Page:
There is, I admit, a certain level of frivolity associated with TSV; after all, much of the music associated with these LPs IS frivolous, existing in the throw-away world of temporarily popular music; that’s why it (thankfully) ends up in thrift stores.
But every once and a while a band and its creator represent an interesting intersection in popular music that is worth a little more digging.  And with the Intar-Webs, the digging usually provides some good context for a band that seems, at first, utterly ridiculous. I present here a group from a recently purchased thrift store LP: King Richard’s Fluegel Knights:
The “King Richard” of this Tijuana Brass-with-a-twist band was Dick Behrke. His name won’t ring any chord unless you are really into Bobby Darin, for it was Dick Behrke, Darrin’s high school buddy, bandmate, and eventual arranger, that helped to launch the latter to astounding and rapid success.
As the name and “family” crest of the Fluegel Knights suggest, this is a band with a slightly medieval shtick, with Baroque-like trumpet intros and bridges throughout, and some medieval-related song titles like “Camelot” and “Castle Holiday.” But most of the music is that happy, bouncy “now sound” that evokes the world of TV game shows Like Celebrity Bowling.  Try out this YouTube of the Fluegel Knights instrumental rendition of the well-worn tune “Everybody Loves My Baby:”  
Gotta love an instrumental tune that clocks in at 1:54. For a lot of people, that is probably all they could take; for me, however, I could listen to this stuff all day. Evidently, a lot of people did listen to the tune as it reached #11 in 1967 on the easy listening charts.
But “King” Richard Behrke was no fly-by-knight (sorry) slacker trying to ride the coattails of the Great Herb Alpert and his TJB. Berhke was active in many areas of music, including composition, arranging, and teaching, not to mention being a competent horn player and pianist. And his work with Darin was pivotal for both artists. You can go here to read more about the partnership of Darin and Behrke.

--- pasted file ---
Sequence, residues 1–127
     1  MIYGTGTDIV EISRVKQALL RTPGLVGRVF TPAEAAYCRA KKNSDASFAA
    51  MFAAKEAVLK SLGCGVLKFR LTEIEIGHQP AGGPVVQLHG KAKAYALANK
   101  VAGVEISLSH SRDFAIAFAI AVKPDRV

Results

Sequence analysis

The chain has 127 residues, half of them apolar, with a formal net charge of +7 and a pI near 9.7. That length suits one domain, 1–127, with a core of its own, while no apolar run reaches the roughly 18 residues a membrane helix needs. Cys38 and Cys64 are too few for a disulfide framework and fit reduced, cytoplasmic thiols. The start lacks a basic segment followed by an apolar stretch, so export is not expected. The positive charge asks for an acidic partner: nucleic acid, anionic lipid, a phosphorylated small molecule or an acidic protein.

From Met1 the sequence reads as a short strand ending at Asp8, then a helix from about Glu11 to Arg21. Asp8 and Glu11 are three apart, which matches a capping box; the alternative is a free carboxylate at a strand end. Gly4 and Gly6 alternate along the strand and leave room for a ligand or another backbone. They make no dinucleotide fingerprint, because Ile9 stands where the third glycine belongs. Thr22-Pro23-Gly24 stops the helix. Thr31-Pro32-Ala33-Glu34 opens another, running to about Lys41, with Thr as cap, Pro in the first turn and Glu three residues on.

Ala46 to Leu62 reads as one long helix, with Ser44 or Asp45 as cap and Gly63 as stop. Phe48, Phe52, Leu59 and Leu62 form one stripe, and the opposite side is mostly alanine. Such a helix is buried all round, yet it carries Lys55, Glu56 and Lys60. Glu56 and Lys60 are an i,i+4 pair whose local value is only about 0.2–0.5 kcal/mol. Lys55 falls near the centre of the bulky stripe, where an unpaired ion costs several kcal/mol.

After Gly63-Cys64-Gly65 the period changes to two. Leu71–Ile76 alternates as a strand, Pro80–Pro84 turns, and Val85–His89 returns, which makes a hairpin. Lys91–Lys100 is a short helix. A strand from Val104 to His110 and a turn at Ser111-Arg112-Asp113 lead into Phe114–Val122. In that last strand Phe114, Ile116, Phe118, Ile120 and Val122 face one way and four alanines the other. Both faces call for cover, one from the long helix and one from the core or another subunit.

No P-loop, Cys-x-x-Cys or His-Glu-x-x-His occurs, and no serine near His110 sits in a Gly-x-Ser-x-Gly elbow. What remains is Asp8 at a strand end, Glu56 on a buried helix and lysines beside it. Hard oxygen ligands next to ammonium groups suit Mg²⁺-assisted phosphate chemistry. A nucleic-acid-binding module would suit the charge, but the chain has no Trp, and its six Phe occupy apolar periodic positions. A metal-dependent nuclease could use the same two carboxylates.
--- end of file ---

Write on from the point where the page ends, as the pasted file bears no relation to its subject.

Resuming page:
There is also that movie with Kevin Spacey playing Darin that elicited a pretty divided criticism.  I think I’ll watch it just for heck of it, and because maybe the Dick Behrke character may show up.  Have any of you folks out there seen it yet?
There are plenty of free download sites with Fluegel Knights LPs out there, but there is nothing like holding that nice, Thrift Store Vinyl.   Mmmmmm.  Smells so good.


Balanced For Broadcast

January 17, 2011


I picked up my second Capitol Records promotional sampler LP this past weekend: 


This recent one is “June 1965“ and is part of a “Balanced For Broadcast” series of sampler LPs that Capitol distributed to radio stations (later called The Capitol Disc Jockey Album); each sampler represents a selection from Capitol’s huge stable of musical talent at that particular time. These LPs are great audio history, even if you don’t like a particular artist.
The covers, in particular, have great vintage feeling and association, along with stylistic continuity.  Sure, they’re “sexist” and male-oriented, but they still have some design integrity.  Check out this impromtu gallery of some “Balanced For Broadcast” LPs that can be found on The Ebays.  August 1967 is my favorite. (click on the image for a larger version):


Here’s the playlist from the BFB LP I scored:
Balanced For Broadcast 1965 LP

Capitol Records, 1965 (#PRO-2879)


Nancy Wilson – Reach Out For Me

Nat King Cole – Blue Gardenia

Wanda De Sah – So Danco Samba

George Shearing – Quiet Nights

King Family – Little Grass Shack

Marlene Dietrich – A Little On The Lonely Side

Don Scaletta – Bitter Wine

Georgia Brown – Riding On The Moon

Nat King Cole – They Can’t Make Her Cry

Wanda De Sah – Once I Loved

Dean Martin – Carolina In The Morning

Don Scaletta – Chim Chim Cher-EE

Vicky Autier – A Quoi Ca Sert L’Amour

Seekers – Water Is Wide

Stan Kenton – Tampico

Liza Minnelli – For Every Man There’s A Woman

As you can see, some of the artists you know, and, I’ll bet, there are several you don’t. That’s one of the things to love about these sample LPs: you’ll usually find an artist that you somehow missed in all your years of LP thrifting, or you’ll find one you never thought would be on a big American label like Capitol. Such was the case on this post’s featured LP, when I noticed two songs from one of twelve different artists. Her name at that time was Wanda de Sah (later to become simply Wanda Sa), and I was impressed with how Capitol recorded her simple singing to some classic Bossa Nova tunes.

Wanda de Sah was taught by, and mixed with, some of the legends of Brasilian Bossa Nova.  Think of her as a thinking man’s Astrud Gilberto.  The Japanese are nuts for bossa nova, and they were the ones to re-release her first LP on CD.  Here’s a good example of some early Wanda de Sah (Wanda Sa):